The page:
Description In an interview with a critic for the Baltimore Sun in 1907, the artist noted: "Extreme realism, then, is when we say too much; extreme impressionism is when we say too little. But to say just the right thing at the right time and in the right way is as desirable in the art of picturemaking as in society." This drawing and two accompanying works (WAM 37.2584 and WAM 37.2582) in pencil and gouache were made by the artist in preparation for a painting showing a regatta held on the Grand Canal in May, 1902. Smith was born on St. Paul Street, Baltimore. He trained initially as an engineer but later taught himself to paint in watercolors. He traveled extensively, producing watercolors which were reproduced in deluxe "travel books," such as "Gondola Days" (1897) and "The Venice of To-Day" (1897) as well as various magazines. He was also the author of many popular books.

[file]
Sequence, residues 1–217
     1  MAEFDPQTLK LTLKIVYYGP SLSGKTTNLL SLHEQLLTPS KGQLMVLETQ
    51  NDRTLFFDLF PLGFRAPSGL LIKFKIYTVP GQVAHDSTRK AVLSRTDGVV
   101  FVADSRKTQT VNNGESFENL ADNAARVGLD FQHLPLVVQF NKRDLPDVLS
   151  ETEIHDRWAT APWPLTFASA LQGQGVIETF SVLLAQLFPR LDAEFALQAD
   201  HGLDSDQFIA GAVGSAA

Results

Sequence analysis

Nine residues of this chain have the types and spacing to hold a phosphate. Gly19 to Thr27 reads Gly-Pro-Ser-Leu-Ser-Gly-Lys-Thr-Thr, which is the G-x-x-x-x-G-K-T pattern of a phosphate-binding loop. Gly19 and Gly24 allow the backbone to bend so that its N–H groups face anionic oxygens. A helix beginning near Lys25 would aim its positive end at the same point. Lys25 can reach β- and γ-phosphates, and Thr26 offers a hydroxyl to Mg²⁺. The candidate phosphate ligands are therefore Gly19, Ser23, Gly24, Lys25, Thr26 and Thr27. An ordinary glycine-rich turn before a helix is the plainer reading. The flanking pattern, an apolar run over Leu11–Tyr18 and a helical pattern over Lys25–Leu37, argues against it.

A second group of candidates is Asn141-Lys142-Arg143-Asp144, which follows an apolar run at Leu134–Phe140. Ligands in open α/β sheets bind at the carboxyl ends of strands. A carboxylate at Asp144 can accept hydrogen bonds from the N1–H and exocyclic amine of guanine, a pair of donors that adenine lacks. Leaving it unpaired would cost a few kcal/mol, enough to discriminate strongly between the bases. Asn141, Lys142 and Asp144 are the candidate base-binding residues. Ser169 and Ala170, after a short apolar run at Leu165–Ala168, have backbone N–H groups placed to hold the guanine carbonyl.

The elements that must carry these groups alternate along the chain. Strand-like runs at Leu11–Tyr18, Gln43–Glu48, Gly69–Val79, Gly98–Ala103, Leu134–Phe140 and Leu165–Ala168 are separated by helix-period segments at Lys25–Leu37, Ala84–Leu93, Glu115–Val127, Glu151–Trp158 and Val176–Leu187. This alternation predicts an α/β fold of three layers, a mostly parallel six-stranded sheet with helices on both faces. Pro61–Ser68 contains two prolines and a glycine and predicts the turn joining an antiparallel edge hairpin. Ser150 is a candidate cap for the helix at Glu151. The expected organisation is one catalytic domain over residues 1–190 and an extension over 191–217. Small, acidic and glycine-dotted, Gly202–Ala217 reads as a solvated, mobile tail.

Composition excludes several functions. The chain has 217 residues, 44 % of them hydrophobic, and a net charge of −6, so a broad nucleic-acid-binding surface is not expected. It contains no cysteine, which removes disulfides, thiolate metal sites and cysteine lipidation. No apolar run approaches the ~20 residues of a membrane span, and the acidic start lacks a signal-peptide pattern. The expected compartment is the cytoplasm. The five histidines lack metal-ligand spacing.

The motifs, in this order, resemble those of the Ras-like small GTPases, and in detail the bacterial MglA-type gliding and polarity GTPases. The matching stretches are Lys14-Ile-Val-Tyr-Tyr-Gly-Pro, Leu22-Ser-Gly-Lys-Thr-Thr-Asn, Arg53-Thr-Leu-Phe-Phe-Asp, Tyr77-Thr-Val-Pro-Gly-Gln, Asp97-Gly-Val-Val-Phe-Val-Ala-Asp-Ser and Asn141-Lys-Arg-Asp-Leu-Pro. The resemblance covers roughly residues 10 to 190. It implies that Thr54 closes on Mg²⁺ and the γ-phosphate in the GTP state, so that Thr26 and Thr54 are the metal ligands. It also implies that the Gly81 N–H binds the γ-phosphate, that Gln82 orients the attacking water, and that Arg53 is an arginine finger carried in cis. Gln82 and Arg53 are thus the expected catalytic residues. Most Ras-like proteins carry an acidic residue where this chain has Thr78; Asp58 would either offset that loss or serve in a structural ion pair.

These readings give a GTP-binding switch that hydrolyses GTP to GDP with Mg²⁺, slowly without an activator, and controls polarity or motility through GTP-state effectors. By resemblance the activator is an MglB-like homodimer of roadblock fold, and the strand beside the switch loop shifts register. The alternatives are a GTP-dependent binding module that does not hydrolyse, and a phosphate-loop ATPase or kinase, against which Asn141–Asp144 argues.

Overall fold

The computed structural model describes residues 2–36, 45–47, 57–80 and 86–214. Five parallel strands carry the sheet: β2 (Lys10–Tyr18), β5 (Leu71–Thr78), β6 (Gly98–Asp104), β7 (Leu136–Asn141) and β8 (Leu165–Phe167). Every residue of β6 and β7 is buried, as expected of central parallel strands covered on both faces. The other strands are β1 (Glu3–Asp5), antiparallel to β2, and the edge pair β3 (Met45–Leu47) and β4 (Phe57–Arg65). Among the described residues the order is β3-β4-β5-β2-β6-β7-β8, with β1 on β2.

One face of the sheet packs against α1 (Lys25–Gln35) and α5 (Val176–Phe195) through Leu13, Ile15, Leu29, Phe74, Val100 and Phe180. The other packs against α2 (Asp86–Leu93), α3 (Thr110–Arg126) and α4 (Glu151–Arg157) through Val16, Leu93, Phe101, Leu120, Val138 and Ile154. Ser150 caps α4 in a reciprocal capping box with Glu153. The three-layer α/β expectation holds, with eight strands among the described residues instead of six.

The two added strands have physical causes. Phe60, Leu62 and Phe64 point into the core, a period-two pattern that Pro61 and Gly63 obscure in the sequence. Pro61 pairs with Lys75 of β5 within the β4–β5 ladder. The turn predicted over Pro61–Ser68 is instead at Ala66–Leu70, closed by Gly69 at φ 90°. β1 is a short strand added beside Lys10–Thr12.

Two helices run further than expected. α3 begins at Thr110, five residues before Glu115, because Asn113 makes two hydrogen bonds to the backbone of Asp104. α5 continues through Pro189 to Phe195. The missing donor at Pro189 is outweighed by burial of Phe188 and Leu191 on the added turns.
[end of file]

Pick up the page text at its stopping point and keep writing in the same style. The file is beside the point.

- Italian Vistas: Selections from the Permanent Collection. The Walters Art Gallery, Baltimore. 1992-1993.
Provenance Mr. and Mrs. Oliver H. Perry [date and mode of acquisition unknown]; Walters Art Museum, 1976, by gift.
Credit Gift of Mr. and Mrs. Oliver H. Perry, 1976
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